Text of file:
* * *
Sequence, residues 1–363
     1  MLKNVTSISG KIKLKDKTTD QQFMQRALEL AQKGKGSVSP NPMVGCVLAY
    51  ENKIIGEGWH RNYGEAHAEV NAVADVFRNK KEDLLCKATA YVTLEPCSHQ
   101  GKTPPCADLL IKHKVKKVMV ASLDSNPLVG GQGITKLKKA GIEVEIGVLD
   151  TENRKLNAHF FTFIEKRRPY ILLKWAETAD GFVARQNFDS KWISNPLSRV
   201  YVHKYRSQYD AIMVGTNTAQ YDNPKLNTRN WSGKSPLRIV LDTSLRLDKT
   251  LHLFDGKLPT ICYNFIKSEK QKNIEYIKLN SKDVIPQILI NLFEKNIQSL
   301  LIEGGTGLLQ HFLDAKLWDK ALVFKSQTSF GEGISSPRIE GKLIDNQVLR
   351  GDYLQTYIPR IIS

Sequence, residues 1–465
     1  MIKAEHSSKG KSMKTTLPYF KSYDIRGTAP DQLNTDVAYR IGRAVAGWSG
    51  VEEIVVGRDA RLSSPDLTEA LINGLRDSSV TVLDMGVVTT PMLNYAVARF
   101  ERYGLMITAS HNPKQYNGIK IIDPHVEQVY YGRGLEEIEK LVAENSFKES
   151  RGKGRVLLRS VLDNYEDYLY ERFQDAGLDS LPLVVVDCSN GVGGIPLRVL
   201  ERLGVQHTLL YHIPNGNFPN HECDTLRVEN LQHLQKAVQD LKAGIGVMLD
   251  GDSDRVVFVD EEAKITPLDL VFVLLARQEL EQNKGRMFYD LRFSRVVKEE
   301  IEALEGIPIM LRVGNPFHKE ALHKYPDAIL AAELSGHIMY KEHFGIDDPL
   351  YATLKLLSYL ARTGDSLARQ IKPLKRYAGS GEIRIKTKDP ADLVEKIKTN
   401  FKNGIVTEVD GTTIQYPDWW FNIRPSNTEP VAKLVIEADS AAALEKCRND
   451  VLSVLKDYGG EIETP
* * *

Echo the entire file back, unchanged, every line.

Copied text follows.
Sequence, residues 1–363
     1  MLKNVTSISG KIKLKDKTTD QQFMQRALEL AQKGKGSVSP NPMVGCVLAY
    51  ENKIIGEGWH RNYGEAHAEV NAVADVFRNK KEDLLCKATA YVTLEPCSHQ
   101  GKTPPCADLL IKHKVKKVMV ASLDSNPLVG GQGITKLKKA GIEVEIGVLD
   151  TENRKLNAHF FTFIEKRRPY ILLKWAETAD GFVARQNFDS KWISNPLSRV
   201  YVHKYRSQYD AIMVGTNTAQ YDNPKLNTRN WSGKSPLRIV LDTSLRLDKT
   251  LHLFDGKLPT ICYNFIKSEK QKNIEYIKLN SKDVIPQILI NLFEKNIQSL
   301  LIEGGTGLLQ HFLDAKLWDK ALVFKSQTSF GEGISSPRIE GKLIDNQVLR
   351  GDYLQTYIPR IIS

Sequence, residues 1–465
     1  MIKAEHSSKG KSMKTTLPYF KSYDIRGTAP DQLNTDVAYR IGRAVAGWSG
    51  VEEIVVGRDA RLSSPDLTEA LINGLRDSSV TVLDMGVVTT PMLNYAVARF
   101  ERYGLMITAS HNPKQYNGIK IIDPHVEQVY YGRGLEEIEK LVAENSFKES
   151  RGKGRVLLRS VLDNYEDYLY ERFQDAGLDS LPLVVVDCSN GVGGIPLRVL
   201  ERLGVQHTLL YHIPNGNFPN HECDTLRVEN LQHLQKAVQD LKAGIGVMLD
   251  GDSDRVVFVD EEAKITPLDL VFVLLARQEL EQNKGRMFYD LRFSRVVKEE
   301  IEALEGIPIM LRVGNPFHKE ALHKYPDAIL AAELSGHIMY KEHFGIDDPL
   351  YATLKLLSYL ARTGDSLARQ IKPLKRYAGS GEIRIKTKDP ADLVEKIKTN
   401  FKNGIVTEVD GTTIQYPDWW FNIRPSNTEP VAKLVIEADS AAALEKCRND
   451  VLSVLKDYGG EIETP